Now we must write a method that will fetch the event data from the City of Toronto web service …

getJsonData(){
returnthis.http.get(‘http://app.toronto.ca/cc_sr_v1_app/data/edc_eventcal_APR?limit=500’).map(res=>res.json());
}
As you can see above I have also added a couple of imports and injected “Http” into the constructor. http.get is used to pull in the data  from the web and map is used to manipulate that data. Json() is called on the response object to return data.
Now it is time to import HttpProvider in Home.ts…
import {HttpProvider} from ‘../../providers/http/http’;
And add a providers tag in the @Component Decorator…
providers:[HttpProvider]
We will also inject HttpProvider by using an Angular dependancy injection
constructor(public navCtrl: NavController, private httpProvider:HttpProvider)
Time to create a function that will call the getJsonData() method of HttpProvider. We will also need to subscribe to the event using the Ionic Events system that allows you to subscribe to events in one component that have been published in another component…
getdata(){
this.httpProvider.getJsonData().subscribe(
data=> {
console.log(data);
this.eventData=JSON.parse(JSON.stringify(data));
console.log(this.eventData);
},
err=>{
console.error(“Error : “+err);
},
() => {
console.log(‘getData completed’);
}
);
}
The final thing we must do inside Home.ts is call the getdata() method inside of the constructor…
this.getdata();
After this is complete, we must import HttpModule within the app.module.ts file…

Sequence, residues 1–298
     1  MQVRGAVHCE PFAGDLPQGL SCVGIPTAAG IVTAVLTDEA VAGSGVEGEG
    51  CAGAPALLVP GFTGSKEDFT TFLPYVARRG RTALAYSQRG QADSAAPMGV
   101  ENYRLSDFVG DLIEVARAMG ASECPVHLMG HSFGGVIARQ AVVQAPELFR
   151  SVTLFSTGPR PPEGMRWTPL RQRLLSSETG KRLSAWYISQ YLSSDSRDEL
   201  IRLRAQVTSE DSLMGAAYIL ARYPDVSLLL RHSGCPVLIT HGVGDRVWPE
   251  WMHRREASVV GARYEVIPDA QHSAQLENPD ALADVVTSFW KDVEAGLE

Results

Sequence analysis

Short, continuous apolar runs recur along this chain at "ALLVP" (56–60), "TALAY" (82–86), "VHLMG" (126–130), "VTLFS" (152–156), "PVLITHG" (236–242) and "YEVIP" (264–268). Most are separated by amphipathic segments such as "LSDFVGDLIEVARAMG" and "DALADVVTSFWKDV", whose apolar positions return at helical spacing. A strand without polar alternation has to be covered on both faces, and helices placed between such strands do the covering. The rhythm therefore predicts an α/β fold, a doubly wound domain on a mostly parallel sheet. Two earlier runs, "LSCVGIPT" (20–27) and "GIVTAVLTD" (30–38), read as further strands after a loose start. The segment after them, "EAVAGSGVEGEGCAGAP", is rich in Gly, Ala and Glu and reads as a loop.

This should now provide us with a JSON object to see within our developer console window in browser. I am going to use Google Chrome for the JavaScript Console…
ionic serve –browser “google chrome”
Let’s see what this gives us…
As you can see we were able to retrieve the City of Toronto Events data with a nice array of objects pertaining to each events information. Since we have yet to modify the home.html file it remains the same generic display as when the project was first created. Let’s change that…
Inside of home.html I’m going to change the name of the application to be “Toronto Event Data” which you can edit between the <ion-title></ion-title> tags. The next thing I would like to do is make a nice list-view of the events on the homepage just so we can display the data we have obtained in the JSON object. To do this I’m going to use the Angular ngFor directive in the template to display each event name in the array of objects we have parsed. This is something that I find really cool about using Ionic, in that we can use Angular within the regular HTML and have it function just as any other HTML tag. My finished home.html looks like this…
Time to see the final result…
Pretty sweet! We were able to parse the JSON data from the City of Toronto open data set and display it via list view in Ionic!
During development I ran into an issue called a Cross-origin resource sharing (CORS) error…
To overcome this I simply used a Google Chrome extension which fixed the problem.
Next post I will add on to this by using Google Maps API to display event markers and create a custom info window to display the event information to the user.